At With Jack we see a lot of scenarios where client relationships have broken down and the situation reaches a point where it may escalate.
With these situations there seems to be similar patterns cropping up. One of them, understandably, is that a lot of freelancers don’t have the confidence to handle client conflicts in the correct way.
It's been mentioned plenty of times before, but most of our claims are rarely to do with the freelancer making a mistake in their work. Whilst there is cover with the professional indemnity policy if you do make a mistake and the client tries to recover compensation from you, that makes up a tiny percentage of the problems we see.
Most of the time the freelancer has done good work. They’ve completed (or were making progress with) their work to the best of their ability. Where things go wrong tends to be on the client relationship side.
A difficult client relationship is often down to poor project management causing friction. In this instance the client feels they aren’t getting what they wanted and / or when they wanted it.
Again, this isn’t necessarily the freelancer’s fault. Yes, we have seen examples where the freelancer hasn’t done themselves any favours in terms of underestimating the workload or working without a contract to give the project structure.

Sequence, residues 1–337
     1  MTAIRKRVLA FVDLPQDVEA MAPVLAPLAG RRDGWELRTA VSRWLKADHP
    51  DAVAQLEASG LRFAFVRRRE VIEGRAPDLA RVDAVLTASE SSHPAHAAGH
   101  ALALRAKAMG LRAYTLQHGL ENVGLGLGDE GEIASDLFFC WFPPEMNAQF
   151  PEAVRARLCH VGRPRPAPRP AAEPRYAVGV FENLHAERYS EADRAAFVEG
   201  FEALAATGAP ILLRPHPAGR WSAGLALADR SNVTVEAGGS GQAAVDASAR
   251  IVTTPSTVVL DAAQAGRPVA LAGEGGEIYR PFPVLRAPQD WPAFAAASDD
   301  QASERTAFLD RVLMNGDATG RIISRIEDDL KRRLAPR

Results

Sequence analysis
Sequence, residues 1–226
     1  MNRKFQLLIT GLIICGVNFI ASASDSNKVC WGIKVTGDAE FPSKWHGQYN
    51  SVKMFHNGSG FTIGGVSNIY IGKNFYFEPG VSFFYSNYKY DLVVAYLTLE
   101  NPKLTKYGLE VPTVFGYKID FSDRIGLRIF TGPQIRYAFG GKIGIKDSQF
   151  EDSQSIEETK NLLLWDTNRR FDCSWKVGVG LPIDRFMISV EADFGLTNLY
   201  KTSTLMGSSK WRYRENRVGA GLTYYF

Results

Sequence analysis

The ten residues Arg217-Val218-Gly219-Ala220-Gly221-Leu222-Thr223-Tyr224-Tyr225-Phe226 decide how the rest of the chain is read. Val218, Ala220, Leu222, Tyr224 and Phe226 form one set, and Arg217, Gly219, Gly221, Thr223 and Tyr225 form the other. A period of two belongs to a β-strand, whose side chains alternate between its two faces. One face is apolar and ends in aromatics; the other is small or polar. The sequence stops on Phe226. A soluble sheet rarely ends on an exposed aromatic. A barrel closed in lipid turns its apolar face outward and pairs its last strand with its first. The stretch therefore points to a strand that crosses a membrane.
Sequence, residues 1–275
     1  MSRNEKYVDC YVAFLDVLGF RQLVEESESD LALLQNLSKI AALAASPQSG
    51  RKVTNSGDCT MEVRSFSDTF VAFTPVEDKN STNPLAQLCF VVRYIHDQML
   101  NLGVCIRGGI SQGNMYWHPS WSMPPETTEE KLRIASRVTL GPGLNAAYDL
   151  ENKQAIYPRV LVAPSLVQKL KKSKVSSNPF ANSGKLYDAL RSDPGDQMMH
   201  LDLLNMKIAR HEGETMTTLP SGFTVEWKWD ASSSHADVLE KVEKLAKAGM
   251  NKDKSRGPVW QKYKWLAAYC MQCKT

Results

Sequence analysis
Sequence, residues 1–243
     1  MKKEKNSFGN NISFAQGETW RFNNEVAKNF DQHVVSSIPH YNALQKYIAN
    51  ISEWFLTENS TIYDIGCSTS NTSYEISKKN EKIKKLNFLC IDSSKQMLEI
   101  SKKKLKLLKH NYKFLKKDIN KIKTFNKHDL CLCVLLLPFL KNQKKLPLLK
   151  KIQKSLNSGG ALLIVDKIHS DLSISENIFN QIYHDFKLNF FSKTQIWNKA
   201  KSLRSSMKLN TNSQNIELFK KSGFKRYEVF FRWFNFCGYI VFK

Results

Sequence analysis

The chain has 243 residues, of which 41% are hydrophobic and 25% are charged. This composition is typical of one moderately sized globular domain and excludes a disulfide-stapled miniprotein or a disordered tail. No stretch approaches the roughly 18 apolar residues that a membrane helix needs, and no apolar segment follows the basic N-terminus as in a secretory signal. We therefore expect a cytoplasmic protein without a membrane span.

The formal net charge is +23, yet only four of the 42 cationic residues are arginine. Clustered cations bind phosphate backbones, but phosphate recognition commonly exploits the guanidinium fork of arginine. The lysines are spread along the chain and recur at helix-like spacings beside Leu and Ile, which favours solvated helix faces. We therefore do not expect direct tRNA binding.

However, we see poor project management on the client side, too. We’ve seen clients hire freelancers for projects with no deadline, yet become upset because they deem the project to be overdue. But to whose standards? The non-existent deadline the freelancer didn’t know about?
Or we’ve seen clients dramatically change the scope of work midway through a project and react badly when the freelancer needs more time and money to complete the work.
Sometimes a difficult client relationship can just be down to a client who, irrespective of the work you do and how good it is, is always going to be difficult to please.
This is where problems stem for freelancers and where the importance of being a confident freelancer comes in. It's important to handle these situations properly, but you must believe you deserve to be treated with respect.
You are allowed to have boundaries. You bring value to the project. You shouldn’t have to discount your services, work overtime, or put yourself under significant stress to keep a client happy.
One of most important aspects of healthy client relationships is to learn how to set and stick to boundaries.
There are practical things you can do to set boundaries within your business.
- Always work with a contract. This removes any ambiguity around what is expected of both parties
- Always have a statement of work or a project scope. The client needs to know exactly what they're getting, what it costs and what to expect if they ask for features outside of the scope
- Have set hours you’re available. Clients know that if they call you at 10PM on a Friday you won't be answering. You do not want to set a precedence of being available 24/7. You have a life outside of work. You also have other clients which is why you have to manage your time effectively
The above should be the easy part. The testing part is how you react when clients try to take advantage of you. Clients trying to take advantage can be done in a variety of ways. It might feel subtle and not hugely sinister to begin with.